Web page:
Developing a Global Network of Researchers to Expand Poverty Research Discussion
WCPC Seminar Series on Poverty and Policy: Autumn 2013
November 18, 2013
Presented by Vicky Lawson and Sarah Elwood, Department of Geography, University of Washington. Co-founders of the Relational Poverty Network.
Vicky Lawson, Ph.D., is a professor of Geography at the University of Washington and co-founder of the Relational Poverty Network; Past-President of the Association of American Geographers (AAG); Marsha Landolt Distinguished Graduate Mentor Award winner; Director of the UW Honors Program, former Chair of the Department of Geography at the University of Washington, and committed teacher. Lawson's work draws on critical poverty studies and feminist care ethics to collaborate in building alternative understandings of impoverishment and social alliances to address inequality.
Sarah Elwood, Ph.D., is a professor of geography at the University of Washington and co-founder of the Relational Poverty Network. Elwood's work contributes to urban geography, relational poverty research, critical GIS & geoweb studies, and mixed/visual methods. She is currently working on comparative research on middle class poverty politics in mixed income residential neighborhoods in Buenos Aires and Seattle. Two recently completed initiatives examined the role of the geoweb in transforming privacy, activism and visual epistemologies; and the potential of interactive mapping technologies in fostering young teens’ collaborative learning and critical politics.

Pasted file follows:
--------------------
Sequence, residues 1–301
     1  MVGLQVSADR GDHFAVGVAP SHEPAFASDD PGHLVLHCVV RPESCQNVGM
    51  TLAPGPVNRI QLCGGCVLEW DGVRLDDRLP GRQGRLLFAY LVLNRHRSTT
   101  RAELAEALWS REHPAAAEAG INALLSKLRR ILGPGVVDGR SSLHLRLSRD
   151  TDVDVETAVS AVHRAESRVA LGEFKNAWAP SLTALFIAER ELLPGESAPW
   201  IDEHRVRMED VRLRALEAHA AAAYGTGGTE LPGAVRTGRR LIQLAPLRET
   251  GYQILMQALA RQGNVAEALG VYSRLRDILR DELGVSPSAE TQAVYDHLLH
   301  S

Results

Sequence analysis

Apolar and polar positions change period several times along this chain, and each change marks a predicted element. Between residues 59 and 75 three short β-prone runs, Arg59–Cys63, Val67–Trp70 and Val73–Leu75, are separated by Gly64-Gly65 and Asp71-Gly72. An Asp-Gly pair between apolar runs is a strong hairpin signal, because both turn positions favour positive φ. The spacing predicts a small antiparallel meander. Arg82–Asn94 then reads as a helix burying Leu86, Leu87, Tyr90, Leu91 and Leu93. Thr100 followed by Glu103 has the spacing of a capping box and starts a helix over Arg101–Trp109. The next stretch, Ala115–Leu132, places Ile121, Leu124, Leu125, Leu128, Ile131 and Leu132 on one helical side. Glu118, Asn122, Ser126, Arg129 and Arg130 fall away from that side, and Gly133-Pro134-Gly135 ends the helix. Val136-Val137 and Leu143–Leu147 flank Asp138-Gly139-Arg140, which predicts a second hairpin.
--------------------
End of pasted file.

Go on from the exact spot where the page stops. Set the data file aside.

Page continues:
This presentation introduces the Relational Poverty Network (RPN), funded by the National Science Foundation and hosted on the UW Campus. The RPN aims to enliven and expand poverty research by bringing together scholars, students, activists and policy-makers from diverse theoretical and methodological traditions, disciplines and countries into new conversations. This collaborative research network advances a relational approach to poverty: theorizing poverty as produced and addressed by economic, political and cultural relationships between social groups. This open and evolving network of poverty scholars is connected by members’ commitment to:
- Focusing on new objects of study (such as middle class attitudes towards poverty, cross-class alliances, spaces of encounter)
- building collaborative research across national contexts and disciplines
- building resources for meaningful comparison across quantitative and qualitative studies
- fostering open conversations across different views of poverty